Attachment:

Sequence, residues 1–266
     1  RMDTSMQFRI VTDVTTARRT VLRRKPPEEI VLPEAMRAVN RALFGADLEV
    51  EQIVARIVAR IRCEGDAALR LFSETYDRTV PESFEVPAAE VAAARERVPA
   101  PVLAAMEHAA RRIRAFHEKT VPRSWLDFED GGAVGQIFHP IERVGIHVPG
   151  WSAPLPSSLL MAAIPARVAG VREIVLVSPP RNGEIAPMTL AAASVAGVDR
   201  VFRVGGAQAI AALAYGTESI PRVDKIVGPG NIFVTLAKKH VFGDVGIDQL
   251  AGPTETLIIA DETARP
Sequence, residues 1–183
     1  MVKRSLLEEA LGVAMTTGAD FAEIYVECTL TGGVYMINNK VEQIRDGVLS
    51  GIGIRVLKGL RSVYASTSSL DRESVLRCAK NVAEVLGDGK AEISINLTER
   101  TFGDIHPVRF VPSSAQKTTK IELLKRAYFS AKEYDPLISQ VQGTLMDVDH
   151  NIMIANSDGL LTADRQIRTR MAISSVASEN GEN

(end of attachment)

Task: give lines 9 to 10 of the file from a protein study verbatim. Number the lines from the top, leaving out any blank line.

     1  MVKRSLLEEA LGVAMTTGAD FAEIYVECTL TGGVYMINNK VEQIRDGVLS
    51  GIGIRVLKGL RSVYASTSSL DRESVLRCAK NVAEVLGDGK AEISINLTER